22 April 2011

More on Private Protection of IP

Just to clarify from an earlier post, my stance on protecting IP is that is wrong for the government to do so, but I have no issue if a private business wants to protect its intellectual creation.  Furthermore, I am not a piracy positivist.  I do not believe that people have a “right” to IP for free.  If they can capture another’s idea for free, more power to them.  If they have to pay, so be it.  No one has a right to information.

In keeping with the above, I would recommend reading this article at Cracked.  To me, this seems like the perfect way to handle IP protection.  Obviously, the government isn’t cracking down like it used to, so businesses have built designed their own protections to ensure that they actually paid when people use their product.

This seems to be the optimal way of handling this issue, especially since IP law has devolved into a massive redistributionist scheme for big business (cf. Apple’s recent lawsuit, Microsoft’s recent lawsuit, Google’s recent lawsuit, etc.)   Why not let people protect their own intellectual “property,” and stop this headache of a legal system?  This system does not seem to make any difference to the big companies and has a tendency to screw over the small time inventers and innovators (ever heard if patent trolls?)

4 comments:

  1. Heck I hope people steal my stuff! It's called advertising.

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  2. While not as extreme as Vox Day is on the topic of IP, I am no fan of IP law. It strikes me as commercial interests coopting the power of government to enrich their own pockets; doubly so when IP as employed by RIAA and MPAA is used to prop up their own flawed and failing business models and, to a lesser extent, to exert control over the flow of information.

    Athol's point is well taken...a profit motive is not required to create anything of value. Viz: Beethoven's compositions, Linux, etc. Granted, a profit motive may accelerate creativity, but it is not necessary.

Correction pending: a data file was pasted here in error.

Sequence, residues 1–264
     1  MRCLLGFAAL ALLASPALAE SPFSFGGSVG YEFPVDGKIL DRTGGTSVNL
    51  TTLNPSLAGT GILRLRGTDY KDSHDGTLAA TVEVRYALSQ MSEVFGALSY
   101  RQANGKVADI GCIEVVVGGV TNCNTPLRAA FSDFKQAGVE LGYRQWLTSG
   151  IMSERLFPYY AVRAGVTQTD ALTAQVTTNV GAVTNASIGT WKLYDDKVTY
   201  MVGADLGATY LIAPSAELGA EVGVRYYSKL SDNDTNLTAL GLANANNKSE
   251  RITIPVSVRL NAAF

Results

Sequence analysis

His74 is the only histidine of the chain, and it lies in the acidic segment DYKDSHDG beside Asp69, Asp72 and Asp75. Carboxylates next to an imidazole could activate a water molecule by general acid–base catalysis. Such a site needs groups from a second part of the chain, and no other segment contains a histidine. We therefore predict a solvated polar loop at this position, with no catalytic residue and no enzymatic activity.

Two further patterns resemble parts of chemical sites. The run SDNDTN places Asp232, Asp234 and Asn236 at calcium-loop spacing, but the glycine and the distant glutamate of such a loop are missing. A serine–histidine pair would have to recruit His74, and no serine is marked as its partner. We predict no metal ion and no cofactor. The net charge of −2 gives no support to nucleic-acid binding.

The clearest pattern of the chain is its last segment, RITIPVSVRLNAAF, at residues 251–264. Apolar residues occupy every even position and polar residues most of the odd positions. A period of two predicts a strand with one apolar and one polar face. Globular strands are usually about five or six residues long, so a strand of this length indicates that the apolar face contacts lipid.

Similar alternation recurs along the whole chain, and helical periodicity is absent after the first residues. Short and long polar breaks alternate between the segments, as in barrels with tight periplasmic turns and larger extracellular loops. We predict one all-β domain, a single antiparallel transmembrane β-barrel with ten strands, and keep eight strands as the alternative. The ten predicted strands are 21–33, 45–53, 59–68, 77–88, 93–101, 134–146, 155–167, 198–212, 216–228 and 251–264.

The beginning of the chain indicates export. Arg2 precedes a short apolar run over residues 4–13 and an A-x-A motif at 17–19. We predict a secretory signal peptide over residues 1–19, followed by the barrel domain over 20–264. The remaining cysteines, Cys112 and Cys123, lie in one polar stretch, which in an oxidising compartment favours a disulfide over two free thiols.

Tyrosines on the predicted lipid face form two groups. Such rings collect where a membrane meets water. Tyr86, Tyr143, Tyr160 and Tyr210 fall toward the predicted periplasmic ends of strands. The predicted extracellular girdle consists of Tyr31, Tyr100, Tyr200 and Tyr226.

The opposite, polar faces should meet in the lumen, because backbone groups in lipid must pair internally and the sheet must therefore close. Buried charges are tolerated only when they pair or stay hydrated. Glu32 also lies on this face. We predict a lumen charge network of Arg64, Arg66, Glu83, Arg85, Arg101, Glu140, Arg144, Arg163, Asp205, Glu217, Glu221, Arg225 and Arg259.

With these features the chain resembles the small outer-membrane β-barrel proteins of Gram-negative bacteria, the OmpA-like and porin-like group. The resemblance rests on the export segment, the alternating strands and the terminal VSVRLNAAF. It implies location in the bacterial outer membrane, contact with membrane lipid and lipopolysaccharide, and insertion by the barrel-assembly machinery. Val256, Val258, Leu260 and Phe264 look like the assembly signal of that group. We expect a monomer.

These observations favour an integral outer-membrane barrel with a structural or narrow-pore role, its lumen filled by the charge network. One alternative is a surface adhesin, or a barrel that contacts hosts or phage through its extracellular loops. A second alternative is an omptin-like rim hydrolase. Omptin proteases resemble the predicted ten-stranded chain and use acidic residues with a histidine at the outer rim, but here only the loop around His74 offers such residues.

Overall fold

"devolved into a massive redistributionist scheme for big business"

    Howso?

    (I'm not busting your balls here...merely looking to understand what you had in mind when you wrote that).

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  3. @EW- I'm referring to the massive lawsuits that major corporations slap each other with over IP infringement. The sums are usually in the hundreds of millions, if not billions. Basically, corporations use IP to take tons of money from other corporations. I don't think anyone comes out ahead in the long run since everyone wins millions and loses millions at various points. I didn't mean to imply that corporations were robbing little people; rather, I meant to imply that corporations were busy robbing each other. Of course, that's still theft.

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  4. @Athol Kay- When I published my book, I decided to go with Scribd and make it available as a free ebook. I figure people will actually read it that way. Plus, from what I can tell, giving product away free upfront generates more in revenue later on, assuming you have quality product.

    As an example, I'm prepared to shell out serious money for either concert tickets or merchandise to The Seams and Blue Chandelier. The only reason I even listened to these bands is due to them giving their albums away for free. If they had merch store, I'd definitely order from it.

    The moral of the story is like you said: it's advertising, and will cause more people to buy more stuff from you, which is the goal.

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